But it’s not just Norway. Blankenhorn reports this same trend in other countries. International surveys show that same-sex marriage and the erosion of traditional marriage tend to go together. Traditional marriage is weakest and illegitimacy strongest wherever same-sex marriage is legal. And where would this be? The other Scandanvian countries? Holland? What other countries? Those other countries also are what we could call post-industrial countries. Perhaps that has something to do with it. Indeed, many anthropologists and sociologist have argued that an industrial and post-industrial society are more similar than the agricultural societies that we are just emerging from. "Traditional" marriage is an agricultural society phenomenon. In hunting and gathering societies, marriages are much more fluid than in agricultural societies..again, that property thing.
You might say, “Correlation doesn’t always indicate causation!” Yes, but often it does. Is there any doubt that liberalizing marriage laws impacts society for the worse? You need look no further than the last 40 years of no-fault divorce laws in the United States (family disintegration destroys lives and now costs tax payers $112 billion per year!). Tsk, tsk...didn't I teach you anything in that research methods class. In order to even begin to claim causation, three criteria must be met: 1) correlation (which we have here); 2) temporal ordering, the cause must occur prior to the effect; and 3) ruling out of spurious relationships, in other words another cauase that might be controlling both phenomenon. Unfortunately, your assertion of causation faisl the temporal ordering criteria, because, as this charts shows, the divorce rate was rising overall in the US and in California well before the Family Law Act of 1970, signed into law in September 1969 by, of all people, Ronald Reagan. While "no fault divorce" might have accerlerated the rate, it did not cause the "problem" of an increasing divorce rate. Indeed, the rate, as the chart shows, had already almost doubled from its low in 1960. Something else was going on, which also suggests that the third criteria of ruling out a spurious relationhip is at work.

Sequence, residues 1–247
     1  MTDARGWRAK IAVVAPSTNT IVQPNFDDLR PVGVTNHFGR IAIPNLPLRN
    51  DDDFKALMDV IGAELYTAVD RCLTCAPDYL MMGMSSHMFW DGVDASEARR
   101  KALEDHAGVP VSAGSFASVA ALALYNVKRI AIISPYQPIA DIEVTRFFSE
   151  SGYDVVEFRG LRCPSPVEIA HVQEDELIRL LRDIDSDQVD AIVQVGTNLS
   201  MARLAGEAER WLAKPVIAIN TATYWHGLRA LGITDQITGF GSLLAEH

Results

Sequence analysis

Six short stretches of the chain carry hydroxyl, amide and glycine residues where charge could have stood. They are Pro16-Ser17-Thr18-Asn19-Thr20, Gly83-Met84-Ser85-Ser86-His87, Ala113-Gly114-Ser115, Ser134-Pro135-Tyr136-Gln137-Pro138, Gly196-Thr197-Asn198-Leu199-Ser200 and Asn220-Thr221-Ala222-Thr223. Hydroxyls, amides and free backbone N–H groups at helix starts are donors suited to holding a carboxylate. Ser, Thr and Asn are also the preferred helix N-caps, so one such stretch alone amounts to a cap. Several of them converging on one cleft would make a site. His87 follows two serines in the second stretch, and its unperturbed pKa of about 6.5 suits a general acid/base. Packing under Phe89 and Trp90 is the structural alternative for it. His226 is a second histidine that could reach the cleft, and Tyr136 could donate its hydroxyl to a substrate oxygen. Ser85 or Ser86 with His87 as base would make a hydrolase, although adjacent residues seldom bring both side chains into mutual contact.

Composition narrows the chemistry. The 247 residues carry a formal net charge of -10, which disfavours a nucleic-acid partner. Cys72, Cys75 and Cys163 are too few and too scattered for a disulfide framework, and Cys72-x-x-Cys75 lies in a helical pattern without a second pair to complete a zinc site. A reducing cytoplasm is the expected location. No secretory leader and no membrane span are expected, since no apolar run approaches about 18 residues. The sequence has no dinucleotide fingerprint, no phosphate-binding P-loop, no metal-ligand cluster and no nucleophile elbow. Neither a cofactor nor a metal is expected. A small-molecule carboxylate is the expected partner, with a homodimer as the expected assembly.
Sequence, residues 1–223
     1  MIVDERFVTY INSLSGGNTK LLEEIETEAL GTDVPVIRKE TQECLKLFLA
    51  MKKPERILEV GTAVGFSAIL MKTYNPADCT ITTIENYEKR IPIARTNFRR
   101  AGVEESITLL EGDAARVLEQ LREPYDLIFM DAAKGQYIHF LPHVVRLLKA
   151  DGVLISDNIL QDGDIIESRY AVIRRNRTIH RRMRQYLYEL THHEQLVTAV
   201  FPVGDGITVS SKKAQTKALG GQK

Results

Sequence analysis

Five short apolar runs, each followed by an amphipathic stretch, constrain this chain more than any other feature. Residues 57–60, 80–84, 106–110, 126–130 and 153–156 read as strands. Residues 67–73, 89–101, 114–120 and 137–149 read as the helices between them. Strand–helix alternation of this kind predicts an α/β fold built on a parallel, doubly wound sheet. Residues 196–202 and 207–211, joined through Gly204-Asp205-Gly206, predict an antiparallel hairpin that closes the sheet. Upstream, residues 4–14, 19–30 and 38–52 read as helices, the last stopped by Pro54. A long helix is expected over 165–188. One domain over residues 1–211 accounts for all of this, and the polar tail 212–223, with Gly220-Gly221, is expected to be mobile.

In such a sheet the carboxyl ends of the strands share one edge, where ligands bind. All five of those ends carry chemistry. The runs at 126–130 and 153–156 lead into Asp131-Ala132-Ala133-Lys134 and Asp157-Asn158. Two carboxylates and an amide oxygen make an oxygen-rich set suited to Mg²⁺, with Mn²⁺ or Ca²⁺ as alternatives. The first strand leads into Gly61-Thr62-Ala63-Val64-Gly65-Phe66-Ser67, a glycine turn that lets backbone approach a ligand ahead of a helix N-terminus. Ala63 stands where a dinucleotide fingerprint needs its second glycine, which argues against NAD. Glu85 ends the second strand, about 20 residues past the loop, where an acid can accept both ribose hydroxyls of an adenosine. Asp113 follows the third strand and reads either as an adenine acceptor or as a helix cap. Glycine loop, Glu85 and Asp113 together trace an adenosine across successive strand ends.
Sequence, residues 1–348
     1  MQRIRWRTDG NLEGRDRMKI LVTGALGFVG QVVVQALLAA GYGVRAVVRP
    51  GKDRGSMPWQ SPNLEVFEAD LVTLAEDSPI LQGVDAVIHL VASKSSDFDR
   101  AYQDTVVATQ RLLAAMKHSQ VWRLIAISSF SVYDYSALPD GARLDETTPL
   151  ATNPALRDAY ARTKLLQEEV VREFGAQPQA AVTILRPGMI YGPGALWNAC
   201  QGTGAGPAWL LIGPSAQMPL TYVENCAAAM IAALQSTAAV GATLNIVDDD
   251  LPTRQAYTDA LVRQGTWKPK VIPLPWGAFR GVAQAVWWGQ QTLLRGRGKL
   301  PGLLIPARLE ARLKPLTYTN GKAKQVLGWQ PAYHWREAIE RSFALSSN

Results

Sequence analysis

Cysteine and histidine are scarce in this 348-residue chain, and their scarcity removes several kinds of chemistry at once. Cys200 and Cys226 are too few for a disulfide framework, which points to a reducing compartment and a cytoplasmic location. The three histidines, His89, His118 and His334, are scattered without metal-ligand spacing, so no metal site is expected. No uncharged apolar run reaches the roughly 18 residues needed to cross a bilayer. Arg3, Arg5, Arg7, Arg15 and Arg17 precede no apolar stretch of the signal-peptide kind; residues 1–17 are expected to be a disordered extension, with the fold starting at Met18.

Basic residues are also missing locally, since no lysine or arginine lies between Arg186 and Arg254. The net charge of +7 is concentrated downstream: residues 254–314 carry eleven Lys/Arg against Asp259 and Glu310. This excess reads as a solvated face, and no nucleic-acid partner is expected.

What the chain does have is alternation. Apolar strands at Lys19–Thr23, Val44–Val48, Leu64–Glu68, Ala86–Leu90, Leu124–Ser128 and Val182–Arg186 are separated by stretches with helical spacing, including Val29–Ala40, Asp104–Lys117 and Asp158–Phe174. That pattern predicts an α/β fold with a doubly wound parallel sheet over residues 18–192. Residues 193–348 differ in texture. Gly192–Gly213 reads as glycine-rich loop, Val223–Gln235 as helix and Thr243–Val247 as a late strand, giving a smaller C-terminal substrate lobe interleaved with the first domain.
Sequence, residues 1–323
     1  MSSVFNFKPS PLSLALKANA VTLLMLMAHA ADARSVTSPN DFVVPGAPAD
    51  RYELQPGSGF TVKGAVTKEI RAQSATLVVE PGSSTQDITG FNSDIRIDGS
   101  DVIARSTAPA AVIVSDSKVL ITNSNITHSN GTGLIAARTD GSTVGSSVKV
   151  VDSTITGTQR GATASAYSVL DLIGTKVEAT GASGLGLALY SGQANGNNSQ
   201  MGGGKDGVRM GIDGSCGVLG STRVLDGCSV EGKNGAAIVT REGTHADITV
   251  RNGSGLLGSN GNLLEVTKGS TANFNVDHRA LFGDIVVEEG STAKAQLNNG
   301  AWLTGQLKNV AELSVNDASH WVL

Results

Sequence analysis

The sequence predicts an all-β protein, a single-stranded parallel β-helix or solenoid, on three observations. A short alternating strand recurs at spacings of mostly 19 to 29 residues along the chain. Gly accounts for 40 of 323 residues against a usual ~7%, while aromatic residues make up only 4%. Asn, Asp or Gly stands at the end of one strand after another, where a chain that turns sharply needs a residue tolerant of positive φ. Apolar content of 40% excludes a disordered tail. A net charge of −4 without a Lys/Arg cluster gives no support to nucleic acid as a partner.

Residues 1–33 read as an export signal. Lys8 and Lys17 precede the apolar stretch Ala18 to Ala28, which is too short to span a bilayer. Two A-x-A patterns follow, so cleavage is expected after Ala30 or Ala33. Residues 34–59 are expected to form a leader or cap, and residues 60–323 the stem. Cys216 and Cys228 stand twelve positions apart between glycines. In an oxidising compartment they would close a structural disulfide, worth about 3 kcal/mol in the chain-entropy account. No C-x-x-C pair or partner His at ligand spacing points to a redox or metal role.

No-fault divorce laws began in one state, California, and then spread to rest of the country. Those liberalized divorce laws helped change our attitudes and behaviors about the permanence of marriage. There’s no question that liberalized marriage laws will help change our attitudes and behaviors about the purpose of marriage. The law is a great teacher, and if same-sex marriage advocates have their way, children will be expelled from the lesson on marriage. Or the attitudes and behaviors had already changed and law/policy changed to follow. The chart above suggests evidence supporting the alternative view, not the one asserted by Mr. Turek or Blackenhorn.
This leads Blankenhorn to assert, “One can believe in same-sex marriage. One can believe that every child deserves a mother and a father. One cannot believe both.”

Blankenhorn is amazed how indifferent homosexual activists are about the negative effects of same-sex marriage on children. Many of them, he documents, say that marriage isn’t about children.

Well, if marriage isn’t about children, what institution is about children? And if we’re going to redefine marriage into mere coupling, then why should the state endorse same-sex marriage at all? Marriage does tie adult responsiblity to children. But nothing stops, unless it be law, gay couples from adopting children.
Contrary to what homosexual activists assume, the state doesn’t endorse marriage because people have feelings for one another. The state endorses marriage primarily because of what marriage does for children and in turn society. Society gets no benefit by redefining marriage to include homosexual relationships, only harm as the connection to illegitimacy shows. But the very future of children and a civilized society depends on stable marriages between men and women. That’s why, regardless of what you think about homosexuality, the two types of relationships should never be legally equated.

One could make this argument, but one does not have to be married to take the tax deduction for contributing to the raising of a child. So, the law, recognizes parenthood quite apart from the marital relationship. One could argue perhaps that should be changed, that one could only get their tax deductions and exemptions IF THEY WERE MARRIED, but I don't think you are trying to make that argument.

That conclusion has nothing to do with bigotry and everything to do with what’s best for children and society. Just ask pro-gay, liberal democrat David Blankenhorn. Except Mr. Blankenhorn and Mr. Turke are poor sociologists. The paper gets a C.